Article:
Russian influence in North Macedonia is particularly present around key political events, disinformation researcher says

Rosana Aleksoska. Courtesy photo used with her permission.

This interview conducted by  Ana Anastasovska was originally published by An edited version is republished here under a content-sharing agreement between Global Voices and Metamorphosis Foundation.

The NGO MOST, based in Skopje, North Macedonia, recently published the study “Disinformation and information distortion in North Macedonia,” which analyzed dominant narratives in 2020 in a sample of 2,658 articles from 211 portals and Facebook pages and groups. Fact-checking service talked to Rosana Aleksoska, one of the authors of the study, about the main properties of ongoing disinformation campaigns that undermine democracy.

Truthmeter: What are the five general or 5D techniques of disinformation?

Rosana Aleksoska (RA): The Five Disinformation Techniques is a concept that originally included four elements: Dismiss, Distort, Distract, and Dismay. With the addition of the fifth element, Divide, the initial concept evolved into the 5D of misinformation.

Dismiss: if someone does not like criticism then, instead of facts and arguments, they attack with insults. Women in politics, marginalized groups or smaller ethnic communities are often the targets of such insults.

Distort: twisting the facts to produce a half-truth, which is more dangerous than a completely fabricated lie. One example is distortion in the reporting about the July 2021 Black Sea Incident involving British warship HMS Defender and Russian navy. Over 70 percent of articles about the event in North Macedonia contained only the Russian side of the story. Only 19 percent used information from British sources, often manipulated in favor of the Russian narrative.

Distract: defocusing the public attention from certain key events, or historical achievements, like the flood of disinformation about the harmfulness of the 5G network in North Macedonia around March 27, 2020, the day it became a member of NATO.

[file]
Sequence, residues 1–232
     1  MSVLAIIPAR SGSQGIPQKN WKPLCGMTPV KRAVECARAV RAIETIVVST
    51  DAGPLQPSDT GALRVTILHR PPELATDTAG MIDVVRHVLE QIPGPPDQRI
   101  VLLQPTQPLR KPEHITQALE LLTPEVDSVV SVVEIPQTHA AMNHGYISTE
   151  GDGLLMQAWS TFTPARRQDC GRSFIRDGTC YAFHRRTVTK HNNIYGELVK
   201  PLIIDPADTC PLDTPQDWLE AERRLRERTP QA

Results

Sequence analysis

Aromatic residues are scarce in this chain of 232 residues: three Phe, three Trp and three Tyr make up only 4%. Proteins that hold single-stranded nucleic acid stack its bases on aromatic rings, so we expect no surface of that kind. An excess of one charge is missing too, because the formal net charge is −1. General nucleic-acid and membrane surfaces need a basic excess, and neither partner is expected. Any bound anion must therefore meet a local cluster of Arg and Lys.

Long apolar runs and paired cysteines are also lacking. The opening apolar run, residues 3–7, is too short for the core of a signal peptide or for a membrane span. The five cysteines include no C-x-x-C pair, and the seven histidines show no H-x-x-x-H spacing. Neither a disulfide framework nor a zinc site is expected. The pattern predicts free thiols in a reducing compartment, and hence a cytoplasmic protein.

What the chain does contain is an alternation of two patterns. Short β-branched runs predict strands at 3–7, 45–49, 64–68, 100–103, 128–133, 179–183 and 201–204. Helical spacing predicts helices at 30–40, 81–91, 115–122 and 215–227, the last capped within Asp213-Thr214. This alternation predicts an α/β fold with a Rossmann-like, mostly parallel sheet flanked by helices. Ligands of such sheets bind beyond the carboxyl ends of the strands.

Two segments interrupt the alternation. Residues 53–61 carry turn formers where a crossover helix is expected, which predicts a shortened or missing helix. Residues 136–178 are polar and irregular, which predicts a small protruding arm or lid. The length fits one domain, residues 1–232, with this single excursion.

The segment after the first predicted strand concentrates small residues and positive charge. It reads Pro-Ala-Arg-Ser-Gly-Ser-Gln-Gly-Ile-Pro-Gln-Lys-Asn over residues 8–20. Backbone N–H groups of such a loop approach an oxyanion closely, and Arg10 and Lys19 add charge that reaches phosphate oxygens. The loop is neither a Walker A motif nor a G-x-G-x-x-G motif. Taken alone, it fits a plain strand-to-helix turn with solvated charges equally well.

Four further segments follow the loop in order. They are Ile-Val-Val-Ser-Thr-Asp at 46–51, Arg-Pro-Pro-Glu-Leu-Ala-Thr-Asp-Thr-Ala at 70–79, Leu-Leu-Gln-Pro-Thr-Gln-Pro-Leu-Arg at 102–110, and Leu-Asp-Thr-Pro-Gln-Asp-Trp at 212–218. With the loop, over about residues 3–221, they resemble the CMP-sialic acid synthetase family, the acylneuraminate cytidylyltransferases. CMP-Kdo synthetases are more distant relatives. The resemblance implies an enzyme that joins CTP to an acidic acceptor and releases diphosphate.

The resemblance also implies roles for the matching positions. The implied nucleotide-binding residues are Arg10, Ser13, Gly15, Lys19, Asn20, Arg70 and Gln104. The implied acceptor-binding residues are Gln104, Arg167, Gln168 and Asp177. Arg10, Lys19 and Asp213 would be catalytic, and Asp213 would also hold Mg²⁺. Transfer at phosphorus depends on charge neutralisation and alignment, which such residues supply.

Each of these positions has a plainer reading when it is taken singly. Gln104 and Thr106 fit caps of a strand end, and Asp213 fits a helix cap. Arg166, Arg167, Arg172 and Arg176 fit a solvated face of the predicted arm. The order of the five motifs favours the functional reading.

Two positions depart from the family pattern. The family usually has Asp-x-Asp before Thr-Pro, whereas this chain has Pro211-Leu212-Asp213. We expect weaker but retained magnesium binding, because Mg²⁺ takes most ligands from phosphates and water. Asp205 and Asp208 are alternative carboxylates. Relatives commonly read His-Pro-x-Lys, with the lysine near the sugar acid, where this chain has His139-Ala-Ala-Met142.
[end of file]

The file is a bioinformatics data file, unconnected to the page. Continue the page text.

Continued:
Dismay: when a country pursues a policy and chooses a course that is supported by the majority of citizens, as North Macedonia has chosen Euro-Atlantic integration, and then dismay happens by third countries that dislike the chosen path.

Divide: it uses every opportunity to divide citizens along political party, ethnic and religious lines, as well as between countries.

Front page of MOST study “Disinformation and Information Distortion in North Macedonia,” Dec 2021.

The use of these techniques is followed by the amplification of the disinformation via a number of known and anonymous pro-Russian and anti-Western portals, each tied to well-developed social media infrastructures.

The study, published by Fighting Fake News Narratives (F2N2) project in December 2021, analyzed the information on the assistance provided to deal with COVID-19 from various countries and international entities. It noted that articles related to aid from China and Russia were largely amplified through the social media networks, resulting in a much higher number of Facebook posts about the aid from these countries than other countries and entities, disproportionate to their real contribution.

Truthmeter: According to the 2021 Media Literacy Index,  assessing the potential for resistance to fake news in 25 European countries, North Macedonia is at the bottom — a position it has held since 2017. What are the main sources of disinformation in North Macedonia and why is our country at the bottom of the list?

RA: Our report lists the reasons why North Macedonia is at the bottom. One of them is [the low quality of] education and, consequently, the high level of distrust in science.

In addition to media literacy, it is worth mentioning the GLOBSEC research on the vulnerability of Central European and Western Balkan countries to the influences of Russia and China, in which Macedonian society is in the middle of the ladder with a vulnerability index of 40 out of 100. Factors contributing to this situation include the fragmentation of society, political polarization, as well as [exploiting] ethnic and religious differences…

In terms of sources of disinformation, our study identified several groups of pro-Russian and anti-Western portals with a well-developed Facebook disinformation infrastructure.

Truthmeter: Is there a foreign influence in North Macedonia and how is it reflected?

RA: Of course, there is. What we have noticed is that this influence extends to key periods and events for the country, especially when it comes to Euro–Atlantic integration. At every key event in this process, disinformation campaigns or information operations have been reported to distract attention from these historic achievements, attacking the West, and discrediting various figures, including Western institutions.